After a three-year shutdown (Long Shutdown 2 or LS2), a first pilot beam was injected on October 19, 2021 to commission the LHC machine, in order to prepare for Run 3 which will begin in 2022. Beam collisions protons were able to take place stably on October 27. During this shutdown, the LHCb experiment significantly improved its detector, and the LHC test beam was a very interesting opportunity to test the already installed elements of the LHCb detector. One of these elements is a new detector for measuring brightness, called PLUME. It consists of photon detectors placed around the beam tube and sensitive to Cherenkov light emitted by particles passing through the detection elements. Another element is the LHCb calorimeter. Although most of the components of this detector have not been replaced, this calorimeter now has completely new Front-End electronics, which are also used by PLUME. The goal is to achieve a faster data processing (40 MHz) to adapt to the increase in instantaneous brightness expected during Run 3. The installation of the electronics of the calorimeter and the PLUME detector has been carried out. by the IJCLab teams just before the start of the test harness.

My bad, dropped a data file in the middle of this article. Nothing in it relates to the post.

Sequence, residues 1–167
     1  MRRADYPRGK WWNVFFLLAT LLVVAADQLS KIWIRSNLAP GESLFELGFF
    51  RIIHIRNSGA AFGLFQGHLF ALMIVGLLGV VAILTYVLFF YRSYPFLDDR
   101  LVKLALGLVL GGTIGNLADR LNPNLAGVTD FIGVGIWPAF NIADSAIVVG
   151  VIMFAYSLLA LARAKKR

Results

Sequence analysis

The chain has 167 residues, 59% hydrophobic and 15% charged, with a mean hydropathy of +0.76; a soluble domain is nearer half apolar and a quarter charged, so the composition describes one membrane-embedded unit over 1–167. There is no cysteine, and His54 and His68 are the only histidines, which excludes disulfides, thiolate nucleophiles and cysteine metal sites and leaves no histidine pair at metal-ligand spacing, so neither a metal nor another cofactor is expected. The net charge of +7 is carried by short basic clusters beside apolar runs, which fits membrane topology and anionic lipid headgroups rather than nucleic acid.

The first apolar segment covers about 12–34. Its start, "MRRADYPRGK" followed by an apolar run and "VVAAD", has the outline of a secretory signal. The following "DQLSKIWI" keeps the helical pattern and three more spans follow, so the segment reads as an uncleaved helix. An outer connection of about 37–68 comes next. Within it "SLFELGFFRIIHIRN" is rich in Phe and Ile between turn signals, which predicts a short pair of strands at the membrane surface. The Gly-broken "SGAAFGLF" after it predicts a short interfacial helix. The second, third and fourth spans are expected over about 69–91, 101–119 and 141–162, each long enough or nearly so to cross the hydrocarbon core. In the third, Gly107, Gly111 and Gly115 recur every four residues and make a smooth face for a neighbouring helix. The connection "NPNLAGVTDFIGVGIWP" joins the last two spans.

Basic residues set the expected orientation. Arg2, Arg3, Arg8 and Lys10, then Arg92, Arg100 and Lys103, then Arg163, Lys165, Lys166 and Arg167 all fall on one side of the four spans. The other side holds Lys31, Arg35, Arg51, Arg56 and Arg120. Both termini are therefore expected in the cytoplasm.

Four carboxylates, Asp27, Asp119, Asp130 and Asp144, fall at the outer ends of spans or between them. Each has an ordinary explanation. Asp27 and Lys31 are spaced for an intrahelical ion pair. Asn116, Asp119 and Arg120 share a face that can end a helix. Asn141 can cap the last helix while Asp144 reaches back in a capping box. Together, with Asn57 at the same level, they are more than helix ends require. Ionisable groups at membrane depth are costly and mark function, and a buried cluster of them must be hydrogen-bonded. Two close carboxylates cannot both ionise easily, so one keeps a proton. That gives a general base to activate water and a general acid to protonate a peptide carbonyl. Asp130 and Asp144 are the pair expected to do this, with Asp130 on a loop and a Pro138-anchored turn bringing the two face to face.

This LHC test beam was the perfect opportunity to test the electronics and identify certain problems: electronics not configuring correctly, poor optical fiber connection between the front-end boards and the acquisition system, etc. of these issues were resolved during this week of testing. In addition, data could be recorded to study the time alignment of thousands of calorimeter channels and obtain a first estimate of luminosity with PLUME. During the last two days of the test the two detectors were integrated into the central data acquisition system of LHCb.